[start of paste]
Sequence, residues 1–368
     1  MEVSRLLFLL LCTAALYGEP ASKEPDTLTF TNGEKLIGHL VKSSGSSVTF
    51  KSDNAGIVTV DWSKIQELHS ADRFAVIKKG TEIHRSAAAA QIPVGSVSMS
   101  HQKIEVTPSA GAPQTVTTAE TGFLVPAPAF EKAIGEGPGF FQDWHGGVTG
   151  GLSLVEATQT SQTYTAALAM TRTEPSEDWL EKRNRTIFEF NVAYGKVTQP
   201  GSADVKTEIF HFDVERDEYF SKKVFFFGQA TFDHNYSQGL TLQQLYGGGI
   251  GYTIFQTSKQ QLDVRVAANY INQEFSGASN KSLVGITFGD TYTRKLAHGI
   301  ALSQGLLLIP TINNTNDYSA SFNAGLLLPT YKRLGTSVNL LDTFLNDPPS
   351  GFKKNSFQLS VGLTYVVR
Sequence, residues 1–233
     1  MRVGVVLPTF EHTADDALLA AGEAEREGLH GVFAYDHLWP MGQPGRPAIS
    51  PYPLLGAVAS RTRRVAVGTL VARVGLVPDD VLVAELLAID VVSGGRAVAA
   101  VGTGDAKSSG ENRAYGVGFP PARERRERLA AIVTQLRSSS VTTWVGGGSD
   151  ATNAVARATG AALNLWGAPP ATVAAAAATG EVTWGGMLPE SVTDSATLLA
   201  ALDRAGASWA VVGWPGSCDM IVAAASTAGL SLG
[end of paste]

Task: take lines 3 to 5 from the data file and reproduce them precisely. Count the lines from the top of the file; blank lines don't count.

    51  KSDNAGIVTV DWSKIQELHS ADRFAVIKKG TEIHRSAAAA QIPVGSVSMS
   101  HQKIEVTPSA GAPQTVTTAE TGFLVPAPAF EKAIGEGPGF FQDWHGGVTG
   151  GLSLVEATQT SQTYTAALAM TRTEPSEDWL EKRNRTIFEF NVAYGKVTQP